The Group Managing Director of the Nigerian National Petroleum Corporation (NNPC), Dr. Maikanti Baru, yesterday, made a case for the domestication of oil and gas technologies within the African continent, saying such develop the capacity of the people, improve the economies and emplace national oil and gas companies on the path of sustainable growth and development.
Baru said African countries must react positively to the new reality by deploying new policies and stabilise their business environment to attract meaningful investments.
He stated that critical to achieving that for Nigeria was the passage of the four components of the Petroleum Industry Governance Bill (PIGB), which is expected to usher in a new legislation that would not only enhance the investment climate in the country, but also change the fortunes of the country’s oil and gas business for the better.
Speaking on ‘Foundations for New Investment,’ at the ongoing 19th CERA Week conference taking place in Houston, United States (US), the NNPC chief executive added that over 319 trillion cubic feet of gas was yet to be discovered in the region, informing delegates that the corporation was opening up its business environment to ensure transparency and accountability in its dealing with all stakeholders.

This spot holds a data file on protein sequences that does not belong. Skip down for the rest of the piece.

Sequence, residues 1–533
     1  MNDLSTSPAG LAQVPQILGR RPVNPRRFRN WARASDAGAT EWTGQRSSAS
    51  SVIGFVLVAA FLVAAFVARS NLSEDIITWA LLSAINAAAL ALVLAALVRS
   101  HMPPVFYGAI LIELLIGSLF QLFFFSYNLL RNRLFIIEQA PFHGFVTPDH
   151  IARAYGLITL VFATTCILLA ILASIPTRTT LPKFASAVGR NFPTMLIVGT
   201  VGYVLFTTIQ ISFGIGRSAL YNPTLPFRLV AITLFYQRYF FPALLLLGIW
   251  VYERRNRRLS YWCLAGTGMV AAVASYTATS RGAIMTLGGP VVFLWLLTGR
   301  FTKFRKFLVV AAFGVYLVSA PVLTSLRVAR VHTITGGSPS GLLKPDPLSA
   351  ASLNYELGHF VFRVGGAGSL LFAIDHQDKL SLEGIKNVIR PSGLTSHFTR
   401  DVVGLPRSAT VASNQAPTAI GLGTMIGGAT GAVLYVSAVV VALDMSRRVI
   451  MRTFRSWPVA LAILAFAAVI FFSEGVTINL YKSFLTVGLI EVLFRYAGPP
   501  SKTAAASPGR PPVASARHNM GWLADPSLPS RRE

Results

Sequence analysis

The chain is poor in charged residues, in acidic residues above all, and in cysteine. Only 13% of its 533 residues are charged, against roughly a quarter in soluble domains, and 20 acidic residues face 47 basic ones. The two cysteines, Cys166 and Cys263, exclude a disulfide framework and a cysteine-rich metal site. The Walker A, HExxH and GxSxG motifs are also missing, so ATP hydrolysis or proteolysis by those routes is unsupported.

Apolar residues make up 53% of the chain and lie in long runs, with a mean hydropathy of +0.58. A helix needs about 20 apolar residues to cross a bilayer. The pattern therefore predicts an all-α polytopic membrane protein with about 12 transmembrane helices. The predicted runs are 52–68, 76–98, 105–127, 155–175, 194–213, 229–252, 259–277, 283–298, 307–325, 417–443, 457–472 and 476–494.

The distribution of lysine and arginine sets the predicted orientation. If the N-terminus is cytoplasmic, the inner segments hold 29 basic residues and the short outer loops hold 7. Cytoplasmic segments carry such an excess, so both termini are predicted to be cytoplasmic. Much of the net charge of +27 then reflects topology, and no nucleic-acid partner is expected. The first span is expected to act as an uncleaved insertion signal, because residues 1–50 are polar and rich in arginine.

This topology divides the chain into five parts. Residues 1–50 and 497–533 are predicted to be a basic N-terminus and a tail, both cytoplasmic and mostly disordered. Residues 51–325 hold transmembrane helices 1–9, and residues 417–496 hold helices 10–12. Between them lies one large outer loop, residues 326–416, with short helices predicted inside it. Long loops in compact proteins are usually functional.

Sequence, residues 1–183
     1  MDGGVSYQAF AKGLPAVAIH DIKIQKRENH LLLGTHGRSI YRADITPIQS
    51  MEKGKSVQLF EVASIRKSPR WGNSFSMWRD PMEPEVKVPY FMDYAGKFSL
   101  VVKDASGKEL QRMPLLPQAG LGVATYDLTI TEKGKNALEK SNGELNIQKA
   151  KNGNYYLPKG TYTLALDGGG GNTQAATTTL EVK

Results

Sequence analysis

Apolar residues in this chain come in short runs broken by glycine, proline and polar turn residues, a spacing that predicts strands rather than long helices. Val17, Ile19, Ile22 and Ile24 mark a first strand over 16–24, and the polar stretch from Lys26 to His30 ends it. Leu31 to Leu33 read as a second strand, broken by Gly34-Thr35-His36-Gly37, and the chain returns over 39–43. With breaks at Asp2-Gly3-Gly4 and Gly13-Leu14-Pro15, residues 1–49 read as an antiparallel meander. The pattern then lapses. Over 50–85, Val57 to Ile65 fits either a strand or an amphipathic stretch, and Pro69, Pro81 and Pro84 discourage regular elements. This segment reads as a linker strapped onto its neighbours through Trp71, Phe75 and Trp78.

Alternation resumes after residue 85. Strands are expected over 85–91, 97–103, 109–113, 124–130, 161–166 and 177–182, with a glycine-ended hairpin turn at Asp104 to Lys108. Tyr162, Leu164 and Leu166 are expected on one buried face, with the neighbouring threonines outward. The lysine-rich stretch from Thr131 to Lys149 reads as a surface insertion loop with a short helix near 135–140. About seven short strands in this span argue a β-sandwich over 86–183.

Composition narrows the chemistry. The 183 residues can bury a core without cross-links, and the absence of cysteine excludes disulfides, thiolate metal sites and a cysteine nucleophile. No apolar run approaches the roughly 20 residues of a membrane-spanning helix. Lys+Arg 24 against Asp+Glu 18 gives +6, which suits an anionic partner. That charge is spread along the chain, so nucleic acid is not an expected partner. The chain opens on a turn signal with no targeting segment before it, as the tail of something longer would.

He also lauded the federal government for its peace initiatives in the Niger Delta communities, which he said had seen the country hitting very high oil and gas production figures in recent years.
Baru explained that over 41 billion barrels of crude oil is stranded in Sub-Saharan Africa, noting that the currently drilling activities in Kolmani River-II Well in the Benue Trough, one of Nigeria’s several frontier inland basins, would provide additional 400 Bcf of gas.
For Africa, particularly Nigeria, to harness these resources, he insisted that a new legislation, especially the Petroleum Industry Bill, must be passed to enhance investment, adding that from available information, the African global crude oil and gas outlook remained positive and on the upward trajectory.
According to him, West Africa as a sub-region holds the ace, in terms of offshore deep-water exploration hotspots, stating that a prolific 1.0 billion barrels of crude oil find was recently made at the Owowo Field, offshore Nigeria.
He urged foreign investors to explore the Nigerian ultra-deep terrain, which he described as largely untested.